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Computations for the 2011 Annual Update of the HHS Poverty Guidelines for the 48 Contiguous States and the District of Columbia

Persons in family or household
Poverty thresholds for 2009 — published Sep. 2010a/
Column 2 multiplied by 1.016 price inflatorb/
Difference between successive Column 3 entries
Average difference in Column 4c/
January 2011 poverty guidelines
1 $10,956 $11,131     $10,890
      $3,084 $3,820  
13,991 14,215     14,710
      3,157 3,820  
3 17,098 17,372     18,530
       4,933 3,820  
4 21,954 22,305     22,350d/
      4,102 3,820  
5 25,991 26,407     26,170
      3,468 3,820  
6 29,405 29,875     29,990
      4,031 3,820  
7 33,372 33,906     33,810
      3,942 3,820  
8 37,252 37,848     37,630


a/  Column 2 entries are weighted average poverty thresholds from U.S. Census Bureau, Current Population Reports, Series P60-238, Income, Poverty, and Health Insurance Coverage in the United States:  2009, Washington, D.C., U.S. Government Printing Office, September 2010, p. 55.

b/  Price inflation calculated from Table 1A of U.S. Department of Labor, Consumer Price Index press release (USDL-11-0018), January 14, 2011.  (The Consumer Price Index (CPI-U) for all items was 214.537 for calendar year 2009 and 218.056 for calendar year 2010, an increase of 1.6 percent.)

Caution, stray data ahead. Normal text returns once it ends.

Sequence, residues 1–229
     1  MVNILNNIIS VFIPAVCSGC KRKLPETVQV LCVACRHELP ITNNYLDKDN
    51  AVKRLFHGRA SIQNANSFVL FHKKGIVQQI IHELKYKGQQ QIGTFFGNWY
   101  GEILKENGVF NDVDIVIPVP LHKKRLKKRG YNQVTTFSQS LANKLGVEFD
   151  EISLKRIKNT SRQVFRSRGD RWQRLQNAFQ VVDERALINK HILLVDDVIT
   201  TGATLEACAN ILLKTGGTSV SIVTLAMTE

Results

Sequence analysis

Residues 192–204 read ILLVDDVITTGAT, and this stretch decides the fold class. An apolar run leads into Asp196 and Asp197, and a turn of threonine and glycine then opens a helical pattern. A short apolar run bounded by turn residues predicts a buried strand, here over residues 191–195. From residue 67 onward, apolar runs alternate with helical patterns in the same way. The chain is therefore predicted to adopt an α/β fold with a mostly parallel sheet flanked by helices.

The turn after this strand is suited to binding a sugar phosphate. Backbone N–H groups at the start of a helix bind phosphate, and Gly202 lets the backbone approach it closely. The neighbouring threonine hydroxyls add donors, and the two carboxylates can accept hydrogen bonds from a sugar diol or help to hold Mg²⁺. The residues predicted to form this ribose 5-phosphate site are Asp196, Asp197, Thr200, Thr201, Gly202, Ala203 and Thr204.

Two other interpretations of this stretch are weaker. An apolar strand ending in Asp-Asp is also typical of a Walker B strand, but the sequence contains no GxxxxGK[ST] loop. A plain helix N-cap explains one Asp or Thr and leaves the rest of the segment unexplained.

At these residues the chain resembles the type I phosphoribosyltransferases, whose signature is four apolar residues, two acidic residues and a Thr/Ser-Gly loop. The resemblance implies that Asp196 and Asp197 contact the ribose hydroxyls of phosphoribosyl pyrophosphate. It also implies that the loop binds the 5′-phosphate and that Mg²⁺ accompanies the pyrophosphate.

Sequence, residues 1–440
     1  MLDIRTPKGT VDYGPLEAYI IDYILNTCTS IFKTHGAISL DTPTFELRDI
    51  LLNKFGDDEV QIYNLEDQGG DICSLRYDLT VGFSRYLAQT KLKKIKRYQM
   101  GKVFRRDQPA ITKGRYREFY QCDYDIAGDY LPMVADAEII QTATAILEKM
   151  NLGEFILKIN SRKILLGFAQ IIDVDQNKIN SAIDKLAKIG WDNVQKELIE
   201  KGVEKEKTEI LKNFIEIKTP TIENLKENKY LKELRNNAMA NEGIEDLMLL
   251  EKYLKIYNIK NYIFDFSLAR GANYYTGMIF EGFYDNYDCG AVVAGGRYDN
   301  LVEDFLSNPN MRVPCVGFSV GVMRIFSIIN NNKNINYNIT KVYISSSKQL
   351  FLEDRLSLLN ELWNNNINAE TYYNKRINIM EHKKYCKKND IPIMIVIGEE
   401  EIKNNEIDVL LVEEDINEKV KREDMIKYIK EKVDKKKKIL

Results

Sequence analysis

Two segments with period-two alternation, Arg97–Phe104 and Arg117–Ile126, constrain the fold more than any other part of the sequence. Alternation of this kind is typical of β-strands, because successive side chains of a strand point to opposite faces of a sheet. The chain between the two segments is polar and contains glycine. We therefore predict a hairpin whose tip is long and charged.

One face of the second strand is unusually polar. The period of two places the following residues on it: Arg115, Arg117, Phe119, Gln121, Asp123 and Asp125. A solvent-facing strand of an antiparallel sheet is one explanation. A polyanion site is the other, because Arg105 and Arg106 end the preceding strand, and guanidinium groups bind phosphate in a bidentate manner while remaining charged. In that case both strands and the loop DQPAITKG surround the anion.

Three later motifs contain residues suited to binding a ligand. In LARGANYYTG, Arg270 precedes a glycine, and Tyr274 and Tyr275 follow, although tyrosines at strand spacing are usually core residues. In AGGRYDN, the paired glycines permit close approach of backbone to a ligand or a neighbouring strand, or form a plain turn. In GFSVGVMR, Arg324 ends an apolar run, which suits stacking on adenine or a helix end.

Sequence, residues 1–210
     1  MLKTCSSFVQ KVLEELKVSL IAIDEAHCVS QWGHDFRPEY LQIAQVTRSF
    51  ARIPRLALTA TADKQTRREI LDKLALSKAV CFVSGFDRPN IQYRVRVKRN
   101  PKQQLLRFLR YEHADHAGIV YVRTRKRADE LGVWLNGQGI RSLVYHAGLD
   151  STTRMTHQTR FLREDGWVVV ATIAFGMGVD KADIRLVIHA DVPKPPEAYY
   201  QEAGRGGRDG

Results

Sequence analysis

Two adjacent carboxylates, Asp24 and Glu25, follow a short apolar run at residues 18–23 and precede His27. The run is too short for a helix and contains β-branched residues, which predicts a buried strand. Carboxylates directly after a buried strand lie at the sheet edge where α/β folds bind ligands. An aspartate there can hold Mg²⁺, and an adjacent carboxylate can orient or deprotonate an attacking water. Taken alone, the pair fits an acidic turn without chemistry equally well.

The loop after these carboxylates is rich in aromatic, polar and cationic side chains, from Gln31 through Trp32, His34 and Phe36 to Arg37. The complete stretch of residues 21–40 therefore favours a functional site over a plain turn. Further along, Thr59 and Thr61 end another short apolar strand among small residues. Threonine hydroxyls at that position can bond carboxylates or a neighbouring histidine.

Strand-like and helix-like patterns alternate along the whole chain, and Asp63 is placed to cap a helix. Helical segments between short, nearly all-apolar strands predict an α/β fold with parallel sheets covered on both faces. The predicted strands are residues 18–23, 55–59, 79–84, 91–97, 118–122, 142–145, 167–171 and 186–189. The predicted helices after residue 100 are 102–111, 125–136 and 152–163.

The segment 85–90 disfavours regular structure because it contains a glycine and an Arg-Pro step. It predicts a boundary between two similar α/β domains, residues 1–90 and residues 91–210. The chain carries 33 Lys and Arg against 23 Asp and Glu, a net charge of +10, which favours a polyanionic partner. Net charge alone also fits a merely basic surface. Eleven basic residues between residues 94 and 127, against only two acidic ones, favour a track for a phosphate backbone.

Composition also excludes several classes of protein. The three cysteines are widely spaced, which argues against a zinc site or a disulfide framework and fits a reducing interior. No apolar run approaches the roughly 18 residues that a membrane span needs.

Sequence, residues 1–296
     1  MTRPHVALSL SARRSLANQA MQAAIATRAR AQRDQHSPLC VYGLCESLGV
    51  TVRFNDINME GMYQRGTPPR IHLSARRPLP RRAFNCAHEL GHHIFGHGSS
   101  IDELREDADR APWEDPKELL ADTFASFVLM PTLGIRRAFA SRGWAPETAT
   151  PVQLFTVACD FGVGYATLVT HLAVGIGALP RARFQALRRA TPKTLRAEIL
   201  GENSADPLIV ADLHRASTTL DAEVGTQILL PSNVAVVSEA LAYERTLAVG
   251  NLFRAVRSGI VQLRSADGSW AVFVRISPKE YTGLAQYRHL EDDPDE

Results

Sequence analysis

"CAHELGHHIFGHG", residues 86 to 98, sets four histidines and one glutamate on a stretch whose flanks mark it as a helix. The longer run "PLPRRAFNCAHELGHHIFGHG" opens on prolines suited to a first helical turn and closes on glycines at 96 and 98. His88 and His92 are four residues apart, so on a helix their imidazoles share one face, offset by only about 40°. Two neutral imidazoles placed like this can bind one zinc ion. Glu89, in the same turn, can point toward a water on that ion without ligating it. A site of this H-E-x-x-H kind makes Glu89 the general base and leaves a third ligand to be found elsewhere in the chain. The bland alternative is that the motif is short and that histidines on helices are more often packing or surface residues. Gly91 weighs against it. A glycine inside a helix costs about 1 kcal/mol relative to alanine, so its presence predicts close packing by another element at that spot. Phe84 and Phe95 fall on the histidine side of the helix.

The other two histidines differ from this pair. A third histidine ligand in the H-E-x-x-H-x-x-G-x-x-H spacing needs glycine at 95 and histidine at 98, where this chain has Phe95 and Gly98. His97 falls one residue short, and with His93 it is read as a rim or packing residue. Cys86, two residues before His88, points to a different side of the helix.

c/  The arithmetic average of Column 4 entries, rounded to the nearest multiple of $20.

d/  Obtained by multiplying the average poverty threshold for a family of four persons for 2009 ($21,954, from Column 2) by the price increase factor from 2009 to 2010 (1.016) and rounding the result upward to the nearest whole multiple of $50.  All other entries in Column 6 are obtained by successive addition or subtraction of the average difference ($3,820) to the size–4 2011 guideline entry ($22,350).

For Alaska and Hawaii, where the cost of living is traditionally believed to be significantly higher than in other states, scaling factors of 1.25 and 1.15, respectively, are applied to the 2011 guideline for a family or household of four for the 48 contiguous states, and the results (if not already a multiple of $10) are rounded upward to the nearest whole multiple of $10.  (These scaling factors were based on Office of Economic Opportunity administrative practice for these two states only beginning in the 1966-1970 period.)  These scaling factors are applied to the average difference for the 48 contiguous states (Column 5) to obtain average differences for Alaska and Hawaii for deriving guidelines for other family or household sizes; these average differences for Alaska and Hawaii are rounded to the nearest multiple of $10.  For families or households with more than 8 persons, add the following amount for each additional person: $3,820 (48 contiguous states and the District of Columbia); $4,780 (Alaska); $4,390 (Hawaii).